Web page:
Verbs with Thou and Thee

By Maeve Maddox

The pronouns thou and thee were replaced by you in standard English a very long time ago, but the old forms still hold interest for modern speakers. A DWT reader wrote to me recently about a pastor who encourages his parishioners to use the “thou” forms in prayer. Many Bible readers still prefer the King James translation with its thous and thees to more modern ones.

Apart from a religious context, the old forms crop up in advertising and entertainment, often with the wrong verb forms, possibly for intended comic effect.

For example, an insurance ad on television features an agent dressed in paper armor made from insurance policies. He exchanges a few words with another agent. Here are some of their attempts at what the ad writer characterizes as “broken Old English.” It’s not Old English, but it is very broken.

I doth declare that thou have brought overmany discounts to thine customers!
Thou cometh and we thy saveth!
We doth offer so many discounts, we have some to spare.

The second person singular forms fell out of standard use as Middle English passed into Early Modern English.

Without going into too much detail, or trying to account for every variation, I’ll illustrate some of the uses of the forms thou, thee, thy, and thine.

Thou art my friend. (subject)
I love thee. (object)
Is this thy dog? (possessive adjective)
No, I thought it was thine. (possessive pronoun)

Thine was also used as a possessive adjective in front of a noun beginning with a vowel: Is he thine enemy?

Verbs used with the subject form thou usually ended in -st. For example,

What dost thou still in bed, thou lazy lout

Can I go out with my friends, Mother? No, thou canst not.

The -th ending doesn’t go with thou or, as in the insurance ad, with we or any other pronoun. The -th ending signals third person:

What doth he still in bed?

He doth what he liketh best; he sleepeth.

The use of thou still exist in some English dialects, although in altered forms, such as tha.

The use of a second person singular in the “plain speech” of the Society of Friends (Quakers) continued into modern times. Among some Quakers, the archaic verb endings dropped away and the subject form thou was superseded by the object form thee, much as the object form you replaced the subject form ye in standard English.

If you ever decide you want to use archaic pronouns and verb endings in an ad or a historical novel, you might want to review the forms.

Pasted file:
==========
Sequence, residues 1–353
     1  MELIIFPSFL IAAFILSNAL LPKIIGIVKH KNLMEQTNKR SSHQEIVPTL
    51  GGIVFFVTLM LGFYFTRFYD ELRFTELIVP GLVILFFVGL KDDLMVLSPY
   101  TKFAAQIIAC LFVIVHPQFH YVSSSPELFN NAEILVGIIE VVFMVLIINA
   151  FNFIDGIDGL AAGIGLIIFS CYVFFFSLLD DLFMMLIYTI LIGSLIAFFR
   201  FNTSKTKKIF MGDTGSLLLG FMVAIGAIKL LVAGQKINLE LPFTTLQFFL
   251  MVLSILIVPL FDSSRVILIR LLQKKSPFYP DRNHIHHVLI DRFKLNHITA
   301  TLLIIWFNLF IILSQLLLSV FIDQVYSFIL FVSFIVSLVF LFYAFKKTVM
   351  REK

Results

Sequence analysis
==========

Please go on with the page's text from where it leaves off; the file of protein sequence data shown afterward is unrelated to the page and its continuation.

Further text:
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7 Responses to “Verbs with Thou and Thee”

  • Roberta B.

    Please correct me if I’m wrong……but isn’t “ye” the Old English term for second person plural. It would be the origin of “y’all” used as the second person plural in the Southern United States. [I thought we had this discussion back in 2009 – 10 Common ESL Mistakes.]

  • venqax

    We hear this from southern sympathizers quite a bit: y’all or yall is the second person plural of you in Dixie English, or some such. Apparently it is an attempt to legitimate via rationality a substandard dialectical use. But evidence indicates that this is nonsense. Examples of y’all used in the singular and constructions like “all y’all” for the plural as well as random or total use of y’all can be found all over southern speech. There is no “formal” or proper southern grammar distinct from Standard American English. It is a regional dialect and y’all has no better pedigree than *youse*. Use *you* for all yous and leave y’all’s y’all back under the davenport when speaking or writing formally, whether in Bangor or Biloxi.

  • Roberta B.

    @venqax My comment pertained to the Old English word “ye” referenced in the article just to make a point that there is a reason or an origin for certain dialects or usage. Don’t you have an interest in where words come from (written or spoken) and how they have evolved into current usage……..”legitimate” or not?

  • venqax

    @Roberta B.: “Don’t you have an interest in where words come from…?”
    Yes. I wasn’t criticizing your question. I was just questioning the idea that “y’all” was a second person plural, as opposed to just bad grammar, regardless of its origin. I think giving it that label lends it too much legitimacy– implying an alternative standard as opposed to a lack of standards. I agree that whether y’all evolved from ye is an interesting question. I doubt it, but it is interesting.

  • dicere

    @venqax, @Roberta B.
    “Ye” was never a word in the english language – the letter “Y” was simply used as a stand-in for the letter þ (thorn). The original printing press was a Germanic invention and thus was not tailored to english lettering. Therefore, when writing the letter “þ”, “Y” was used as a stand in.

    Furthermore, the word “Ye”, as in “Ye olde English Shoppe” (or some variant thereof, no doubt) is actually the word “The”, not “Thee” or “You”. This would originally have been spelt “þe”.

    The Old English term for polite/plural usage was “You”, whereas in singular/informal situations “þee/þou” (“thee/thou”) would have been used. “You” simply superceded “þou” over time.

  • dicere

    Furthermore, “Y’all” is simply a contraction of “you all”, as indicated by the apostrophe showing omission, common elsewhere throughout the English language (do not > don’t, we are > we’re)

  • dicere

    Redaction: upon further reading, “Ye” was a word, the nominative case of You (accusative case). However, this does not negate my previous point – the confusion here is caused by the lack of a þ in the original printing press.

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